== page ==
Like Norse Gefion, Tailtiu plowed a mythic field, a Giant’s endeavor, clearing both trees and stones away so the land could be worked.
Unlike Gefion, she had no team of mammoth oxen-sons to help her plough it, and dies each year of exhaustion.
Tailtiu’s quiet valor is no less than her warrior son and husbands’. She dies protecting everyone, regardless of which side they battled on in the war, fighting that life may not only continue, but renew.
(You’re going to be burying or breaking apart this doll at the end, not keeping her, so use bio-degradable materials.)
- ·One generous hunk of wheat, grass or native plants, preferably gone to seed. Corn husks will also work – especially from dinner! Fresh plants are easiest; if you use dried craft wheat, soak it.
- ·Nicely scented fresh herbs (if you have them)
- ·White cloth, cut neatly into a long strip, wide enough to place a grass doll on. Don’t use something you plan to keep: you’ll be sacrificing this later.
- ·Garden or other flowers
- ·Green garden twine, plain white cotton string or long green strands of grass to tie the doll with
- ·Garden spade (optional)
- ·Incense or holy water for cleansing/asperging
Offerings to Tailtiu:
- ·Honey and water, mixed
- ·Raw or cooked grain, such as barley, kasha or oats. Don’t use raw quinoa; it’s poisonous.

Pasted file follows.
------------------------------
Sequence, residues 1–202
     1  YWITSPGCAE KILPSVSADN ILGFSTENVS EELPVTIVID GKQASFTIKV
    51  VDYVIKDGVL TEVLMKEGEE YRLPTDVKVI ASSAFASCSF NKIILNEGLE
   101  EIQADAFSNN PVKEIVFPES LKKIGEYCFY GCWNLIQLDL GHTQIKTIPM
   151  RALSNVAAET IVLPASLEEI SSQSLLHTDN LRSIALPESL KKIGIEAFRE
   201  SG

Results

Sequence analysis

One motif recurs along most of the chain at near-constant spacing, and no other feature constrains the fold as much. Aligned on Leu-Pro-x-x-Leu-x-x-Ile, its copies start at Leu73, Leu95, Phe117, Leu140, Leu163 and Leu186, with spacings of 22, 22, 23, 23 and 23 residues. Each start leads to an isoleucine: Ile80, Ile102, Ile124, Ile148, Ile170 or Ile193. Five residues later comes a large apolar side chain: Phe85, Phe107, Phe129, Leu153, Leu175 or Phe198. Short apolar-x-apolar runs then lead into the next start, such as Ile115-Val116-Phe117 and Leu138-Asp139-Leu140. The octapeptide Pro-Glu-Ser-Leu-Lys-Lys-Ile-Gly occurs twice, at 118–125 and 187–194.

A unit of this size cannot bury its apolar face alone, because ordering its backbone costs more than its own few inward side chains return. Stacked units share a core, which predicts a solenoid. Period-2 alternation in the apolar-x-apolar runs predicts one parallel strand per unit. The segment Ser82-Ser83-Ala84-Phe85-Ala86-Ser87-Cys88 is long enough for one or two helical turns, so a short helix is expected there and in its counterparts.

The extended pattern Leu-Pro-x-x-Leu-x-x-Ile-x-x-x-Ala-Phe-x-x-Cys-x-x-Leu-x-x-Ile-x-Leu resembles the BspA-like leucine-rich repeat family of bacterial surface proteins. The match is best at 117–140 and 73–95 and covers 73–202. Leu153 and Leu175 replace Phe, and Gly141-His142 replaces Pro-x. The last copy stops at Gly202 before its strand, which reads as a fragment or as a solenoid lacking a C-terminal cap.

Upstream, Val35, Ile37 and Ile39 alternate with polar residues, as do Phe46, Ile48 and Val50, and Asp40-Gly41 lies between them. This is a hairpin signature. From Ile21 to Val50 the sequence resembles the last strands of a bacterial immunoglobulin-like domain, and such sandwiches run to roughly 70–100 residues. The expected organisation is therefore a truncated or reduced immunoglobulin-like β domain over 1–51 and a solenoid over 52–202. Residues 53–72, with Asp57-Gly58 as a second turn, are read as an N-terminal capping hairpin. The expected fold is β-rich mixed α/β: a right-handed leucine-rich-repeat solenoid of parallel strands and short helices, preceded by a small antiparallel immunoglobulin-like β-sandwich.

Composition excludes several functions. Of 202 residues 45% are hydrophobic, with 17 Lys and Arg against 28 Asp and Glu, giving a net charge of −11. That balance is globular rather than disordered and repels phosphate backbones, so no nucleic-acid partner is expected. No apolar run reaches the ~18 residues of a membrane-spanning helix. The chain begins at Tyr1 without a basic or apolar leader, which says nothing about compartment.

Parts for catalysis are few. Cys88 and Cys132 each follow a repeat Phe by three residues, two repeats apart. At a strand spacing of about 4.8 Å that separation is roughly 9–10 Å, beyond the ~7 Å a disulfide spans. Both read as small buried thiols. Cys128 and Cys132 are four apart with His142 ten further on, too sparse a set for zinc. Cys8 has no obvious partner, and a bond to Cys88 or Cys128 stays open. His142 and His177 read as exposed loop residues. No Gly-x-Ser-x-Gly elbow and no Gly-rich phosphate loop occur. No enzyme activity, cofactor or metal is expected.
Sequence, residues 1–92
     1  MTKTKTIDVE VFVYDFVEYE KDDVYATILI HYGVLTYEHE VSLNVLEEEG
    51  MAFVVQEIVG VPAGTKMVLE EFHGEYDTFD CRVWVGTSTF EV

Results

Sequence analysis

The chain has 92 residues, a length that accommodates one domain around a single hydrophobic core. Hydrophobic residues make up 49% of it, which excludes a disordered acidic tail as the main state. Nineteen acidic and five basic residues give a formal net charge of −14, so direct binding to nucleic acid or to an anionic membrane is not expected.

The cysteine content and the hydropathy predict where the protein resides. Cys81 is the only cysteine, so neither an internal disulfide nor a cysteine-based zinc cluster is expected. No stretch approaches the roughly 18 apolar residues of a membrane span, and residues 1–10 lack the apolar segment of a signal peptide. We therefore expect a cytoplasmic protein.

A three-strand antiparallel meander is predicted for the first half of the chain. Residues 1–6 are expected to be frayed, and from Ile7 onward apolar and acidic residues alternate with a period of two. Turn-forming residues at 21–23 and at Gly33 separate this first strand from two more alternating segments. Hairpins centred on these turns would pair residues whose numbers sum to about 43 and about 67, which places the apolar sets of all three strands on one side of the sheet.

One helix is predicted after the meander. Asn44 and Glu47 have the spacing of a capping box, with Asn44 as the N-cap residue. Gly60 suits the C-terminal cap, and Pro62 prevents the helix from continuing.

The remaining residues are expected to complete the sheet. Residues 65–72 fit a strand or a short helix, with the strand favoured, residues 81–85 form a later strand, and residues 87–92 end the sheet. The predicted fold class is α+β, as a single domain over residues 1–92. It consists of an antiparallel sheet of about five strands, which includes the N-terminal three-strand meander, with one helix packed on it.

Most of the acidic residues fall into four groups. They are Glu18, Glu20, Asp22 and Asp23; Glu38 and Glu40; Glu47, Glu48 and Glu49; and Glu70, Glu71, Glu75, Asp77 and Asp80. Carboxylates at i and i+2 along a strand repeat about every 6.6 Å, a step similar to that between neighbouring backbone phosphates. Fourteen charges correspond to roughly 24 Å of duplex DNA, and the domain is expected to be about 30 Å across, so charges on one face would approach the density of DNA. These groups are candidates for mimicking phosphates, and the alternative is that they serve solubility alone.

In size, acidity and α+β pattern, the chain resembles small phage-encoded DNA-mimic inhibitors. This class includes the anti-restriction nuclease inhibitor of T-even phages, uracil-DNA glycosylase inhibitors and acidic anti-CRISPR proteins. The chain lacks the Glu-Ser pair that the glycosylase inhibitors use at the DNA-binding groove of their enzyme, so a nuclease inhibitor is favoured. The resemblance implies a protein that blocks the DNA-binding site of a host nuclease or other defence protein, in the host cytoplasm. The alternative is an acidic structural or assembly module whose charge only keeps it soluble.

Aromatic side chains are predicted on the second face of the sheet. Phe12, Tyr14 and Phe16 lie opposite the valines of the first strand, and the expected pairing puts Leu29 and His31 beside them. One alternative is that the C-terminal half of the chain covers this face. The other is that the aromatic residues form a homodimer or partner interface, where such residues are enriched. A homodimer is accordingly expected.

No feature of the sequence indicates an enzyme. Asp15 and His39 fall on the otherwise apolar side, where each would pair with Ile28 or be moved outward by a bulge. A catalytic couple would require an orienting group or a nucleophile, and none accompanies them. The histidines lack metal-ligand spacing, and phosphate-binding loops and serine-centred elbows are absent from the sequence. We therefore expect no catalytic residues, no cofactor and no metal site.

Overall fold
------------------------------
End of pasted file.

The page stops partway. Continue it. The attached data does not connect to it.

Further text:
- ·Bird seed (optional)
- ·Fruits of your garden
- ·Baked goods or other vegetarian food you have made
- ·A candle (for Lugh
If you have wild materials and plants from your garden, please use them! Using what is yours, whatever is available, carries far more weight than something store purchased to look perfect. But if you don’t have a yard, fresh corn husks from dinner, or making something from a store will do. It’s also best to make the doll the night before, and keep it in a safe place, like your altar. Bless the bier the night before as well by smudging it or using a cleansing, natural incense smoke, like dragons blood, sandalwood, or a frankincense spray or incense.
Directions: Making the Tailtiu Doll
- Look for a good hunk of grass at the edge of your yard that has started to go to seed. Follow your instincts: it doesn’t have to be flashy, just a good base that you can make into a little ‘mother’ with a bushy skirt.